For years I've been wanting a game to come out that captured the magic of the Transformers and did the cult franchise justice. Some have tried and failed dismally, but High Moon Studios have created something that gamers will flock to and enjoy playing with friends. It's by no means perfect with the campaign getting a little monotonous on your own, a few frame rate issues and some average AI, but none of that will matter to fans as this is the most faithful salute to the Autobots and Decepticons I can remember. Transforming effortlessly on the fly, listening to the great sound effects and voice overs, blowing lots of stuff up with big guns and getting stuck into the multiplayer will keep people on this title for a while.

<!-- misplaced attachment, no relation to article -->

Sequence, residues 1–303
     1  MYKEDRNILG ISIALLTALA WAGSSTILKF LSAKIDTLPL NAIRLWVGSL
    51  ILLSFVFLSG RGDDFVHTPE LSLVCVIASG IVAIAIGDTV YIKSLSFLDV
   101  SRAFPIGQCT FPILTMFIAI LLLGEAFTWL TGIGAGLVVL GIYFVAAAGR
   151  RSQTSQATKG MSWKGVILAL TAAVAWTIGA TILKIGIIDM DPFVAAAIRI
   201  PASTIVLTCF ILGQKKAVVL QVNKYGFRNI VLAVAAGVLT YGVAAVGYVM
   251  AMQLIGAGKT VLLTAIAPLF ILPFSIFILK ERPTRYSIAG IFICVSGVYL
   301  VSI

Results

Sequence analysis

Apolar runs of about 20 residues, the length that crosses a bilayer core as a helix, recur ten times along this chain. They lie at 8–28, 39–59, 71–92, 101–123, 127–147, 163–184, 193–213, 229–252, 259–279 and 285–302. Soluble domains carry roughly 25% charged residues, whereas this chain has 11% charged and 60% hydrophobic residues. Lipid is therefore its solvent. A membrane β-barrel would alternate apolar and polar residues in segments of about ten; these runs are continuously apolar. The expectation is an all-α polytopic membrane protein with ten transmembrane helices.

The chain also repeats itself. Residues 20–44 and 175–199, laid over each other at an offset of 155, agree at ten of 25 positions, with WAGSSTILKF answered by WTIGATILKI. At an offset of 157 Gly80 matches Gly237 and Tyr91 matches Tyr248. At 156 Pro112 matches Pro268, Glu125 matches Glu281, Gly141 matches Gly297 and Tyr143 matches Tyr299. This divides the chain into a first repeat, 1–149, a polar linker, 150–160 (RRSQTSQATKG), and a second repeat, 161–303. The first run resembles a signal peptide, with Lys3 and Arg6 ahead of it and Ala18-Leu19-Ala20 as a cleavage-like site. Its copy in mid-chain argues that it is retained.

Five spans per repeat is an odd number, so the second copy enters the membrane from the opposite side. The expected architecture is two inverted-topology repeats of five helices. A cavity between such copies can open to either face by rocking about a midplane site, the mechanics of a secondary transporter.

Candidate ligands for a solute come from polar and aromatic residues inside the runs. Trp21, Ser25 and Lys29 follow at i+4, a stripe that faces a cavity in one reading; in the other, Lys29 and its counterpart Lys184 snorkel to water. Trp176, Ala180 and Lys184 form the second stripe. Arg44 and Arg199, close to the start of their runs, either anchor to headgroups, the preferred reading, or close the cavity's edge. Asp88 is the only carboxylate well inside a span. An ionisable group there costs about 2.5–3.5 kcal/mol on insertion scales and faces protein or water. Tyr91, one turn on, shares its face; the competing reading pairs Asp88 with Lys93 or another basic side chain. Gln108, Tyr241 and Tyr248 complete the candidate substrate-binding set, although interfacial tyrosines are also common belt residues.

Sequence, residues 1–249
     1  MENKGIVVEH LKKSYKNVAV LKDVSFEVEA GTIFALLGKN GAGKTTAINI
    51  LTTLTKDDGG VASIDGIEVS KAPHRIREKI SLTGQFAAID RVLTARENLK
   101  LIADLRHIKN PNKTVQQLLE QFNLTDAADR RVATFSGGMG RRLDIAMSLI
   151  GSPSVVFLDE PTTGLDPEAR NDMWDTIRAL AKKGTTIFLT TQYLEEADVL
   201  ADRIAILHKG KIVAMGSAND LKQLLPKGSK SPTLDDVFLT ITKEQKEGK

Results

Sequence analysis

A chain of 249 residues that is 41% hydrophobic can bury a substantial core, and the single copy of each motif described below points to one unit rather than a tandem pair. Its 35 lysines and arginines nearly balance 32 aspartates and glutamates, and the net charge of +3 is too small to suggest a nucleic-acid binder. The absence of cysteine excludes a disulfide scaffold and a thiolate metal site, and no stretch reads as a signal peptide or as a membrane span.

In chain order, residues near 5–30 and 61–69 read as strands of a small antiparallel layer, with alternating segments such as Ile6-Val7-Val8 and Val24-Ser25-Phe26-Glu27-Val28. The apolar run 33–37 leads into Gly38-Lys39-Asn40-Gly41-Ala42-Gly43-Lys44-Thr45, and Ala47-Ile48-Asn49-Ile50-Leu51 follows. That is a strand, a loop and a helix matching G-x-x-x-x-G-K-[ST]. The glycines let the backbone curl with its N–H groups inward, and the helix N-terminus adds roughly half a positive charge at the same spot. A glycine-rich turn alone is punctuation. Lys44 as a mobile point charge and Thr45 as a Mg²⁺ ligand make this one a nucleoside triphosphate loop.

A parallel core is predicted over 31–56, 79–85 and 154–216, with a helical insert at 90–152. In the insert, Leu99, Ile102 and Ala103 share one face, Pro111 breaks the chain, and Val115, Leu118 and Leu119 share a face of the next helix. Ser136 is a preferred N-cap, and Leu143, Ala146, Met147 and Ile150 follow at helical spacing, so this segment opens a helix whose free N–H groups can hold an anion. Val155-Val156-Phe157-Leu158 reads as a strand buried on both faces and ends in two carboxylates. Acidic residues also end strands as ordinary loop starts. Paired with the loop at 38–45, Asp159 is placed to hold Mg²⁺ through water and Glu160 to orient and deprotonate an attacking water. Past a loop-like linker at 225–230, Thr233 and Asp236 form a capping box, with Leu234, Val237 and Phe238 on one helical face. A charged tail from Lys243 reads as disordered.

AAG SCORE: 8.5/10
+ Well created Transformers characters and world
+ Easy controls and transformation looks awesome and works well
+ Great sound effects and true-to-character voice overs
+ Variety of fairly deep multiplayer aspects including three player campaign co-op
- Campaign can get monotonous when solo
- AI not that difficult
- Some frame rate issues
Written and Reviewed by Khye Davey